L&A: Students have an opportunity to see the work of graduate art students in new exhibit. (Page 6)
OU Landscape and Grounds workers began tilling and ripping out the flowerbeds in the spring, King said. In the second week of June, it took them about a week to plant all of the chrysanthemums. Chrysanthemums are planted because they bloom during football season, King said. Though the flowers are planted months ahead, they don’t begin to blossom until a few weeks before homecoming, said gardener Chester Warner. For the chrysanthemums to peak around homecoming, workers use varying amounts of fertilizer. After the flowers have been in the ground for three to four months, the gardeners use a slow-release fertilizer to help the chrysanthemums reach their full bloom, Mejia said. A month before homecoming, they also give the chrysanthemums blossom food, which helps to increase the blossom. “The more fertilizer you have, the better,” Mejial said. “Although this year we’ve had really good rain so that has really helped the mums.” Planting chrysanthemums on the South Oval has been a homecoming tradition for many years, King said. The Morris Pitman family’s garden endowment fund pays for funds planting the chrysanthemums each year.
Sports: Oklahoma hopes to bounce back against an improved Kansas team. (Page 5)
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›››› Sooner Sampler: What is addicting about Oreos? “I like them but I don’t find them that addictive. I get tired of them quickly.” Jake Turzinski, University College Freshman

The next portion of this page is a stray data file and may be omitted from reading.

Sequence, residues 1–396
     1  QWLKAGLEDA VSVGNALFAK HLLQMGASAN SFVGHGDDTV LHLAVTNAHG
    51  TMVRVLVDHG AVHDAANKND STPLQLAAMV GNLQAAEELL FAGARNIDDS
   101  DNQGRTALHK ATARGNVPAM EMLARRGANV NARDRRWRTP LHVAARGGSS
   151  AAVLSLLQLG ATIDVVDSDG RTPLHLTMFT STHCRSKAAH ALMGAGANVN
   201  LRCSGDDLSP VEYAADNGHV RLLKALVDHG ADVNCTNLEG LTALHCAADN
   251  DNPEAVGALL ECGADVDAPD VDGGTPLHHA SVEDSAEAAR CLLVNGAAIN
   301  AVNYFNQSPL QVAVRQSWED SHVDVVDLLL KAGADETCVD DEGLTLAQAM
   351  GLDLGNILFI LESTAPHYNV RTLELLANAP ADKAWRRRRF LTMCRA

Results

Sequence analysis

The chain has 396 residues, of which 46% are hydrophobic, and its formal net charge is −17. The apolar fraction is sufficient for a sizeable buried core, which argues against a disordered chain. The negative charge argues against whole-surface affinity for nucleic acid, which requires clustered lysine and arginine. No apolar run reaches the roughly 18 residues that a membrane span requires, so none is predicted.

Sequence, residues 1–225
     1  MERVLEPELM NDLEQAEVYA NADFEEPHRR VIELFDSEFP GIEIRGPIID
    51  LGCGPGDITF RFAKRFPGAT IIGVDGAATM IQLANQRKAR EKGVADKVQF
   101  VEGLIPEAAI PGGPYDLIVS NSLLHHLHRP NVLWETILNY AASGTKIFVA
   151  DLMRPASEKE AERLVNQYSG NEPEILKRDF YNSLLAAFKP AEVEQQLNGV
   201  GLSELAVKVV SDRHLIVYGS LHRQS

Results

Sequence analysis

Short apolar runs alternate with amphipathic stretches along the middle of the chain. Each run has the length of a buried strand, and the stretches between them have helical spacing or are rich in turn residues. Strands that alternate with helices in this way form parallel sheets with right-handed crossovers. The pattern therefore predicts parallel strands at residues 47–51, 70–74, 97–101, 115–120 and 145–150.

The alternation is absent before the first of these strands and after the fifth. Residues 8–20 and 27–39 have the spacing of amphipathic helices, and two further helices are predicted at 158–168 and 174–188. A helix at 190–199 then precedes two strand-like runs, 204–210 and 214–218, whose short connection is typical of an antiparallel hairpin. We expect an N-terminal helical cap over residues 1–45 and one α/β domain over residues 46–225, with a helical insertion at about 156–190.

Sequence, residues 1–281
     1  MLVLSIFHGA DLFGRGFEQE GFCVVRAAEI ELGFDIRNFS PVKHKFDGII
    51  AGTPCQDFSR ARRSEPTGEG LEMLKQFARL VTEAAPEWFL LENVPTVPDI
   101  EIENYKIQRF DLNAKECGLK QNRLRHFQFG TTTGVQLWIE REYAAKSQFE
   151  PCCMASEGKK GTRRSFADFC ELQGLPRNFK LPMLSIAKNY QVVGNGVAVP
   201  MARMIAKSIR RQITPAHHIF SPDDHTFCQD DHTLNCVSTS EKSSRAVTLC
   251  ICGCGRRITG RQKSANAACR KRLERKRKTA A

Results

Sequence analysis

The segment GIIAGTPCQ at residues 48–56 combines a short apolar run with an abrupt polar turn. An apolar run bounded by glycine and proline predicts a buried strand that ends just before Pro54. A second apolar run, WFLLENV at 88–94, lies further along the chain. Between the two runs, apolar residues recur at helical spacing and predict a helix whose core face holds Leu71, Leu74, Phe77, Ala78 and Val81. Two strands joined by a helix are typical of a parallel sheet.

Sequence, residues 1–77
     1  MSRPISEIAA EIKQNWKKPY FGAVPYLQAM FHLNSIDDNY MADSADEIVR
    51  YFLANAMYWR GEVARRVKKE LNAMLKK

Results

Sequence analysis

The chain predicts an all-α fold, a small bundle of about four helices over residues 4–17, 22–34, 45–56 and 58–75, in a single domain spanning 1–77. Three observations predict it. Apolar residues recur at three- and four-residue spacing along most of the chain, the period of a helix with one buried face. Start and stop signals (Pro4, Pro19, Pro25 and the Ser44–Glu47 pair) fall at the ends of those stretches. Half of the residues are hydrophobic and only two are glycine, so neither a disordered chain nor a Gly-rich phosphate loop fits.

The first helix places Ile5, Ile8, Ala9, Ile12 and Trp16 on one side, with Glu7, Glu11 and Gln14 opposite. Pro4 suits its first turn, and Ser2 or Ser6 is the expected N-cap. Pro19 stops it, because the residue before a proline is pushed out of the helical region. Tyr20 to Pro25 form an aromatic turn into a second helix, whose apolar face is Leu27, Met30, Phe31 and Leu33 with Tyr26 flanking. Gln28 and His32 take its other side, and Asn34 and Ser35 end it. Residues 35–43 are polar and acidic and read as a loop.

Today around campus A modern languages conference will be held from 9 a.m. to 5 p.m. in the Oklahoma Memorial Union’s Scholars Room. Tierra Tinta is the graduate student organization of OU’s department of Modern Languages, Literatures, & Linguistics. The conference will encourage dialogue and research in the fields of Latin American, Spanish and LusoBrazilian Studies. A meet up for graduate students and faculty will take place from 10 a.m. to noon in Wagner Hall, Room 280. Refreshments will be provided. An opportunity to guess the score of the OU vs. KU game will take place at 11:30 a.m. in the Oklahoma Memorial Union’s first floor lobby. Students can play for a chance to win either a Kindle Fire HD or a 32-inch Vizio flat screen at the end of the semester. An informational session about international study funding will be presented at noon in David L. Boren Hall, Room 180 and 181. Boren Awards will provide up to $30,000 for U.S. graduate students and $20,000 for U.S. undergraduates. An opening reception for the MFA exhibition will be held at 6 p.m. in the School of Art & Art History’s Lightwell Gallery. A free screening of “The Conjuring” will take place at 6 p.m., 9 p.m. and midnight in the Oklahoma Memorial Union’s Meacham Auditorium. A lecture presented by Alex Ross and Richard Taruskin will be held from 7 to 10 p.m. in Catlett Music Center’s Pitman Recital Hall. The public lecture is a part of the School of Music Dream Course Lecture Series. A poetry reading by Zheng Xiaoqiong will take place at 7:30 p.m. in the Bizzell Memorial Library’s Boorstin Collection Room. A reception will precede the reading at 6:30 p.m. An opera will be held at 8 p.m. at the Reynolds Performing Arts Center. The School of Music will present Donizetti’s comedic opera, L’Elisir d’Amore.